The humanity as well as the horror in Hemingway's tortured soul
Ernest Hemingway, who liked to be called Papa, was just 19 days short of his 62nd birthday when he took his own life in July, 1961.
He had periods of psychiatric treatment, including shock therapy, in the Mayo Clinic; apart from diagnosed depression, he was prematurely old (he looks closer to 80 than 60 in photographs), delusional, slurring his words and prone to weeping fits over his inability to write.
Suicide ran through the Hemingway family like a plague. Hemingway's father, a doctor and puritanical martinet who beat his children for trivial offences, shot himself with a pistol in 1928; Ernest's only brother, Leicester, shot himself in 1982; at least one sister took her own life (there's doubt about the cause of death in a second sister).
And much later, Margaux Hemingway, actress and model, daughter of Ernest's oldest son Jack, ended her life with an overdose of drugs at 42.
There is almost certainly no writer in America who has had more books devoted to his colourful life and career than Ernest Miller Hemingway. The first biography, published in 1969, was an exhaustive but non-controversial study by Carlos Baker. There have since been a number of stout biographies, some offering more or less hostile views, one by Michael Reynolds, running to five volumes - probably the one most respected by the aficionados.
Two sons, a grandson, at least one sister and his brother, Leicester, wrote books about Papa, as well as his fourth and last wife, Mary Welsh. In a six-page bibliography in Hemingway's Boat, Paul Hendrickson lists at least 10 full biographies as well as numerous academic or memoir-type publications. (The reviewer, prowling around his shelves, can find a mere eight or nine books on the endlessly fascinating Papa.)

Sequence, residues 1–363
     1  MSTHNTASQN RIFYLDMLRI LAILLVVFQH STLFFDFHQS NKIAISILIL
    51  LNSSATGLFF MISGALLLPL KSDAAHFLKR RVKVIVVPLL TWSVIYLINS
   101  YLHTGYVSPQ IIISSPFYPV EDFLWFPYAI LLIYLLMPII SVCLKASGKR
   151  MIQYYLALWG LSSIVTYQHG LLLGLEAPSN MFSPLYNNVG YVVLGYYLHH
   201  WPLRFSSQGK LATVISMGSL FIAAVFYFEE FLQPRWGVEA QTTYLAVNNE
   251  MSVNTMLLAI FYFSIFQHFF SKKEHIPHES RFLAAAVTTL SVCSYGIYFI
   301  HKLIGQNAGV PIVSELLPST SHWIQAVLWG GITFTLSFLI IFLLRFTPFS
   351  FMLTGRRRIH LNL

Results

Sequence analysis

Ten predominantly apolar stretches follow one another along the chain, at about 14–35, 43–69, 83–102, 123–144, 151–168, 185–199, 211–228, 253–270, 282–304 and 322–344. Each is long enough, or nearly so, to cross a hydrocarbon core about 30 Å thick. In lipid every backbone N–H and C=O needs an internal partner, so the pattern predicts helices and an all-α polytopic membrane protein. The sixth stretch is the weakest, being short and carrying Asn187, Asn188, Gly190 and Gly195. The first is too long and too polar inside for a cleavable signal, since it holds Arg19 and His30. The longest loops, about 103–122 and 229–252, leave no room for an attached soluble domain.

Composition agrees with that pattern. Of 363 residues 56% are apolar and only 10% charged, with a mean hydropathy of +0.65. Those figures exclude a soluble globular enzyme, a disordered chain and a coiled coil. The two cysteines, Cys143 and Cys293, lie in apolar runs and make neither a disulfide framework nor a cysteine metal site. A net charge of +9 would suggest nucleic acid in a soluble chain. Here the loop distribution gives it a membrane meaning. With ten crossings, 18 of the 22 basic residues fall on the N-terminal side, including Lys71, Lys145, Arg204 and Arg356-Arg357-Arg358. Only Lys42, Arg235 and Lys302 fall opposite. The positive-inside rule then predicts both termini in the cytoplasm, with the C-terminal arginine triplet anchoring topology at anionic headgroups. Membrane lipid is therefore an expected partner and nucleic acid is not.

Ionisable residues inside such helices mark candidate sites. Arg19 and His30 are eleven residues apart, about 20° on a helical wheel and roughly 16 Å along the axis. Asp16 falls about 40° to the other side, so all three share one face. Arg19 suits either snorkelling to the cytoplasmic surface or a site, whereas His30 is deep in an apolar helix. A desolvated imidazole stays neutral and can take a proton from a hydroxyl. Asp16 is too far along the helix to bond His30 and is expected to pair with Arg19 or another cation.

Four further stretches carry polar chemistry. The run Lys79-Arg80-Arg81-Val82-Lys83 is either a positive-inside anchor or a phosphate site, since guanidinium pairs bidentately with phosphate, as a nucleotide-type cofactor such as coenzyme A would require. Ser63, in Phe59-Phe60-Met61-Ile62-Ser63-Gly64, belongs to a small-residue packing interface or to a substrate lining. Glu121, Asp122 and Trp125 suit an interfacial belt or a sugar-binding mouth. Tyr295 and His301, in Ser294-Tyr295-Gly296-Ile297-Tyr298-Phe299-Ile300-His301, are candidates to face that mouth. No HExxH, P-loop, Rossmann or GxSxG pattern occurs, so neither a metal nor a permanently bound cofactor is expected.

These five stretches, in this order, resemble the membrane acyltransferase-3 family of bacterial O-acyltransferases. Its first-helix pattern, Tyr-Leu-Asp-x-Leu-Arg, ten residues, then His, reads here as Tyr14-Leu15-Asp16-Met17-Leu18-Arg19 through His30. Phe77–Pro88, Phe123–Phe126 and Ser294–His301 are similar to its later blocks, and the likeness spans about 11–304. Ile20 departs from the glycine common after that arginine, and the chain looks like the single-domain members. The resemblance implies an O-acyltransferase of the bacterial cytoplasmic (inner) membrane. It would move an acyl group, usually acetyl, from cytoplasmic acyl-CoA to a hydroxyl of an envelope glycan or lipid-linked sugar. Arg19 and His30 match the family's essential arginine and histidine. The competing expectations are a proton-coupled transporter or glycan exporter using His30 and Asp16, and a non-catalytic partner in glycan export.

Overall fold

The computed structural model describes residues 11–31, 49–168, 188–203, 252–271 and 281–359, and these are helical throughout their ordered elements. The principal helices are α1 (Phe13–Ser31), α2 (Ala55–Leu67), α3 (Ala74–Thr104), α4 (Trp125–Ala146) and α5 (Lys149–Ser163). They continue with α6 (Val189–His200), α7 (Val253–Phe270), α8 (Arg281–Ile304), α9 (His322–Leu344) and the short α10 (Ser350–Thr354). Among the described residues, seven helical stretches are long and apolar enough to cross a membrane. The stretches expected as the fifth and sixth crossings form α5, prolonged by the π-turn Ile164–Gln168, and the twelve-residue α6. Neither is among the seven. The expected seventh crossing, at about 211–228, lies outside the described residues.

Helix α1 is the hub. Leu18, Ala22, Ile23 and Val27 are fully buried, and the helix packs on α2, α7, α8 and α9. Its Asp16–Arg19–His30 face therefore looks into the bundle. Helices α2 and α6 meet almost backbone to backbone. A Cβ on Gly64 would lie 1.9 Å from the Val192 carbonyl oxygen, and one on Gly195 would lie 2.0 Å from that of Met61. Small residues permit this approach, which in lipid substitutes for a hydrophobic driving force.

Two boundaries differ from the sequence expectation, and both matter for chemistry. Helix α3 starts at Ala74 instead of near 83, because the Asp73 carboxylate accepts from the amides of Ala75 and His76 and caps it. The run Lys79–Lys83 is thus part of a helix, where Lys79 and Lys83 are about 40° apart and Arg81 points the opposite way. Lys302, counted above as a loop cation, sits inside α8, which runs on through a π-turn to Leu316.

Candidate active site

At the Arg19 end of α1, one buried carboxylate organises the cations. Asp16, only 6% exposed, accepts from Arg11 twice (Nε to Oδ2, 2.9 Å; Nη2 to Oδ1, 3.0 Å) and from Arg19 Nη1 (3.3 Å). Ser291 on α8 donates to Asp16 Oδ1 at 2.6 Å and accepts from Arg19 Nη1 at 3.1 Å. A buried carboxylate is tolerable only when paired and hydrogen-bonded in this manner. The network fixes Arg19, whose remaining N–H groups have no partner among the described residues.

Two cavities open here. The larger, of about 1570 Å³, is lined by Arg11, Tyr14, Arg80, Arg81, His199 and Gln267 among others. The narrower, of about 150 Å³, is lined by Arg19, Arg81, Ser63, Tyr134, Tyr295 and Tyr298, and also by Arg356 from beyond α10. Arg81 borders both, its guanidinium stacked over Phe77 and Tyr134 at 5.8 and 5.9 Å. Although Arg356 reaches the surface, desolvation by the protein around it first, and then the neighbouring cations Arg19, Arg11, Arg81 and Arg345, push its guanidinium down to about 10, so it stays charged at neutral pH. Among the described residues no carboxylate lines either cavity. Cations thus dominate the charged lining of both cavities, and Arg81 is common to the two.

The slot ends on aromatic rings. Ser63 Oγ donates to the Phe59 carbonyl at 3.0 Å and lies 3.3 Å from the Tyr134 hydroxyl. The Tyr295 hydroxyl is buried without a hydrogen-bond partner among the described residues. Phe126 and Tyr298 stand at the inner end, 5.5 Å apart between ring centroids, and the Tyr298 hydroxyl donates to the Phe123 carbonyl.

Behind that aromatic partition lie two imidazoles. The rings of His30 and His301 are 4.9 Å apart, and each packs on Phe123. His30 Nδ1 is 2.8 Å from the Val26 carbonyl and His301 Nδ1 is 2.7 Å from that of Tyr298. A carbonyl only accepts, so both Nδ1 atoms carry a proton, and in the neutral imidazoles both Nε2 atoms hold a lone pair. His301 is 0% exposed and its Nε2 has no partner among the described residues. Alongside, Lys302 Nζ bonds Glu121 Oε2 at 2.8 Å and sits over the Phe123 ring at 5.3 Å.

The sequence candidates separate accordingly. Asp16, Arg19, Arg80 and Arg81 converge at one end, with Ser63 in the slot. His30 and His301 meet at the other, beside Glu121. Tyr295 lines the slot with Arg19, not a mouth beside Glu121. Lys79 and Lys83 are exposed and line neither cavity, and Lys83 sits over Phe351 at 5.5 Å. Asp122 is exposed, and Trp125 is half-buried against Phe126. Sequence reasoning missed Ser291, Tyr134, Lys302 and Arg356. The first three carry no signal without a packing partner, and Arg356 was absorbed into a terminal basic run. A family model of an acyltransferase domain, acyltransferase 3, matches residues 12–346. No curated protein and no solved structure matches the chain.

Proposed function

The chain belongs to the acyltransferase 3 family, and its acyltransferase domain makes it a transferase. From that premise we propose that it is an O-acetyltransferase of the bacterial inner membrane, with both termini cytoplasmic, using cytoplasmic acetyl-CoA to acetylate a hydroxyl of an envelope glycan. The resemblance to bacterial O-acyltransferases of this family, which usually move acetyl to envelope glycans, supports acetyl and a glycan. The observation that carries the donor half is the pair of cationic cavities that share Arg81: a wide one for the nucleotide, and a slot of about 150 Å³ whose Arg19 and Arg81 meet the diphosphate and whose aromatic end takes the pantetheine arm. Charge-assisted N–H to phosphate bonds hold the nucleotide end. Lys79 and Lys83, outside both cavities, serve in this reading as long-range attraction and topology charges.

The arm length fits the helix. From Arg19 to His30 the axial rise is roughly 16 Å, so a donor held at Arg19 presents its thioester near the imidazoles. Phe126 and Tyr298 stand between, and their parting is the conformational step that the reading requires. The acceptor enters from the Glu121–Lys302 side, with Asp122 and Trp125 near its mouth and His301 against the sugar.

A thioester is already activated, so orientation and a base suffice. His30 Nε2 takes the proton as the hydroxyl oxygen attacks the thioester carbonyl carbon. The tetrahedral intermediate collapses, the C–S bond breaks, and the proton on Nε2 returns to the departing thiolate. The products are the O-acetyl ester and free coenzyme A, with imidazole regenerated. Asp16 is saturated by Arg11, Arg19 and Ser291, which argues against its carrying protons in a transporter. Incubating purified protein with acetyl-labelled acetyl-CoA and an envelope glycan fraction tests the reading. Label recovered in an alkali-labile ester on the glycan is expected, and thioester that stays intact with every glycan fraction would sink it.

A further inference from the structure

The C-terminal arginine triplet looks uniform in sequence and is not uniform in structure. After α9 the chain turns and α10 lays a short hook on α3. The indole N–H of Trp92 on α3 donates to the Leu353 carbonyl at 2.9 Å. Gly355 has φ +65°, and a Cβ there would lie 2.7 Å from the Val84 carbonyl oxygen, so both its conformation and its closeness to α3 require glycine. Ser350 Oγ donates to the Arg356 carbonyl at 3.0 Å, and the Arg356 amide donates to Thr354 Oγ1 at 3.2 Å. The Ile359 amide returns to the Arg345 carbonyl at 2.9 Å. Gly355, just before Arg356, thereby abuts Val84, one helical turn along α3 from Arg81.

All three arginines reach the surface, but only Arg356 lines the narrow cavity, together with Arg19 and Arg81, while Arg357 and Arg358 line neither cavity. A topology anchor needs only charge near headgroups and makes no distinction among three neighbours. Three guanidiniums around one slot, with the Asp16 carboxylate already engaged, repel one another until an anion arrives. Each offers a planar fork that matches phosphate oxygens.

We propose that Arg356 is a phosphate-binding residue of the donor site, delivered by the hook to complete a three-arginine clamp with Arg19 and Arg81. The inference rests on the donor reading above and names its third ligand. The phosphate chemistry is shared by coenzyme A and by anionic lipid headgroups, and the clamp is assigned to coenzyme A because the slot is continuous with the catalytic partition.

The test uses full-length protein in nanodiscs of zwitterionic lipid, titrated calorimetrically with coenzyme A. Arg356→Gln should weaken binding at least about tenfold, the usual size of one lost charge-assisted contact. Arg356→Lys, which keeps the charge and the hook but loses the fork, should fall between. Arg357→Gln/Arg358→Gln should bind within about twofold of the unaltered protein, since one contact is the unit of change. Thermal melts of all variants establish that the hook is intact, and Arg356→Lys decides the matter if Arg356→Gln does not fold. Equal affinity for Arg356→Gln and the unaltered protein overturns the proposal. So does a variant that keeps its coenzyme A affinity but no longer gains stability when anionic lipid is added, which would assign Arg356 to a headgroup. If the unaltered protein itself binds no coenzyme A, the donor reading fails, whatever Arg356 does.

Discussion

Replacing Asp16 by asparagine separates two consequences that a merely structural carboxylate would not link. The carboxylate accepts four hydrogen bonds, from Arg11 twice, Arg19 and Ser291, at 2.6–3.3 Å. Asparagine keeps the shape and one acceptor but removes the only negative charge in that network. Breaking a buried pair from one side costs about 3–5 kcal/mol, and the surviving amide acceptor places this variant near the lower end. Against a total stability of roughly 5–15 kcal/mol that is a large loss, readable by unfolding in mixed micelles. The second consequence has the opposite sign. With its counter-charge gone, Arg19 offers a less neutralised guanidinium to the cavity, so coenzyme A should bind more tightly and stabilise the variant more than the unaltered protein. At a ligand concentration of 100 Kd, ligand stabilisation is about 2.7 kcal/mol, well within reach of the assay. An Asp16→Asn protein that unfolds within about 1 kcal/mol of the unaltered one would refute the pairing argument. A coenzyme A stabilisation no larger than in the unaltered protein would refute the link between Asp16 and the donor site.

So why is Hendrickson, a former Washington Post writer, giving us yet another book on this complex figure who spent much of his life presenting a largely fallacious version of himself to the world? Is it any good? Has Hendrickson brought anything new to the already overladen table?
Well, if we're tired of all the simplistic portrayals of Hemingway as a noisy, boorish figure who loved to kill animals and boasted that he could get in the ring with Flaubert or Turgenev; if we're weary of all the macho stuff (that he largely brought on himself); if we're unwilling to accept the notion that he was nothing more than a vulgar publicity-seeker, yes, happily, there is a new perspective here.
We get Ernest Hemingway the dedicated, perfectionist writer who sank to the depths of anguish as his gift faded. We see Papa, the expansive and generous host who empathised with many kinds of people (though he fell out with every other writer he met), and whose (probable) last piece of writing was a profoundly sympathetic and eloquent letter to the dying nine-year-old son of a friend. The central symbol of this likeable book is, as the title indicates, Hemingway's boat, the Pilar, representing not only Papa's love of the sea, but also his capacity for joie de vivre, a vital part of his turbulent spirit for most of his life, lost only in the last decade.